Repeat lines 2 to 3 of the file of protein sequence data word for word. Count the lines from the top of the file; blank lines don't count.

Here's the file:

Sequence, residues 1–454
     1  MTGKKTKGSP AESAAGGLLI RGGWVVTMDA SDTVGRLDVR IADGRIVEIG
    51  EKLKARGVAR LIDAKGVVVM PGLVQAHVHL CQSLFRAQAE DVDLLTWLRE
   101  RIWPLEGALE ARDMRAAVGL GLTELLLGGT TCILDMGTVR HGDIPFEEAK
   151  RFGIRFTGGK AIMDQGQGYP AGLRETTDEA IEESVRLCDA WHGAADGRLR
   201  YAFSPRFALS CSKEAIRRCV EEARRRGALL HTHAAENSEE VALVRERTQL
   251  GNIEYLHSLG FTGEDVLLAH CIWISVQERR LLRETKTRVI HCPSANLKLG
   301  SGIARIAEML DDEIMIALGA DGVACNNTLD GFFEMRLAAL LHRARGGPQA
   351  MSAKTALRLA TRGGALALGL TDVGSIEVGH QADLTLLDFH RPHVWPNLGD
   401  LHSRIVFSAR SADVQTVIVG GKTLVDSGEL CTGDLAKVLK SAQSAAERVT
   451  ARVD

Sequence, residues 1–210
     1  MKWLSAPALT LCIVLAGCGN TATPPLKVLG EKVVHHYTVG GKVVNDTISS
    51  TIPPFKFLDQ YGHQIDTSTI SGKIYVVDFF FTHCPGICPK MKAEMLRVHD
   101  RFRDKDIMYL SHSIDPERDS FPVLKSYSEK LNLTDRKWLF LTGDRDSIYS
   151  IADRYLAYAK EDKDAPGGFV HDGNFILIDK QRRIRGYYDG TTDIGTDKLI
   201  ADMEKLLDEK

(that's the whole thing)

     1  MTGKKTKGSP AESAAGGLLI RGGWVVTMDA SDTVGRLDVR IADGRIVEIG
    51  EKLKARGVAR LIDAKGVVVM PGLVQAHVHL CQSLFRAQAE DVDLLTWLRE